“I believe that it’s challenging to list Vietnamese banks on overseas stock exchanges, so this should be a long-term process,” said economist Nguyen Tri Hieu. “Vietnamese banks should focus on solving existing problems before choosing to list overseas–which is a major goal for the long term.”
Last week, Moody’s Investors Service upgraded the long-term local and foreign currency deposit and issuer ratings of Vietcombank, BIDV, and VietinBank. The credit rating agency also upgraded the long-term counterparty risk ratings and counterparty risk assessments of VietinBank and BIDV, while affirming those of Vietcombank.
Vuong Dinh Hue – Deputy Prime Minister
The core fields for restructuring in Vietnam currently are finance and banking, operation of state-owned enterprises, public investment, state budget revenue and expenditure, public debts, and streamlining non-productive units.
In terms of restructuring the finance and banking sector, Vietnam is doing an attentive job on tackling bad debts. The rate of bad debts has gone down quickly, from 10.8 per cent in early 2016 to 6.9 per cent early this June, on and off the balance sheet. The Vietnamese government is set to accelerate the pace of credit institutions restructuring.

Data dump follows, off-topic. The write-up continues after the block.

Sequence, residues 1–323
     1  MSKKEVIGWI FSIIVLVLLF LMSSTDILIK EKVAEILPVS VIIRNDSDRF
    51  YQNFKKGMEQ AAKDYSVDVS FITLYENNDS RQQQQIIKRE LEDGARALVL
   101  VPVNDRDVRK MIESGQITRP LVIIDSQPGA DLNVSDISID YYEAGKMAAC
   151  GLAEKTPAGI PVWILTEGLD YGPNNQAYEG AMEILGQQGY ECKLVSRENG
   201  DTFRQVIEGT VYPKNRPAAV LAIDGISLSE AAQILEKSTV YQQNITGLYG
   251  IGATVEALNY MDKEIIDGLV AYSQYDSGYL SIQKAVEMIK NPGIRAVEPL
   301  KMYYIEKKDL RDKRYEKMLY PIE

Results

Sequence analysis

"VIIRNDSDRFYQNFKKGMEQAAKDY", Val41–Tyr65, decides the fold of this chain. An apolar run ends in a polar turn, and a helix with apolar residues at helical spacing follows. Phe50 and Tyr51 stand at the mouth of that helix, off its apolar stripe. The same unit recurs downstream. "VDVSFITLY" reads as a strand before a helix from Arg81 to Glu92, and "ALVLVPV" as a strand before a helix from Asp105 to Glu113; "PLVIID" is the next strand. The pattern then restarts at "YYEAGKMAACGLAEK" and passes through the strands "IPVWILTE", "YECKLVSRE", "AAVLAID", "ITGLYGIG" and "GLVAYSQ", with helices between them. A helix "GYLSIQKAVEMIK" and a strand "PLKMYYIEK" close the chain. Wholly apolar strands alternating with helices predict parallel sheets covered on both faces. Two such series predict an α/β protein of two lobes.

Towards this goal, the government is stimulating M&As among small commercial banks and credit institutions to form larger ones to bolster management efficiency.
In the future, the government will not grant additional licences to establish wholly foreign-owned banks in Vietnam, but will encourage foreign banks to buy underperforming local banks to become wholly foreign-owned banks in Vietnam, a move that is grabbing a lot of attention from investors.
The government will continue state capital divestment at state-owned commercial banks. One of Vietnam’s largest commercial banks–Agribank–is set to hold its initial public offering in 2019. Other state banks such as BIDV and Vietcombank are working on plans to sell further stakes to domestic and foreign investors.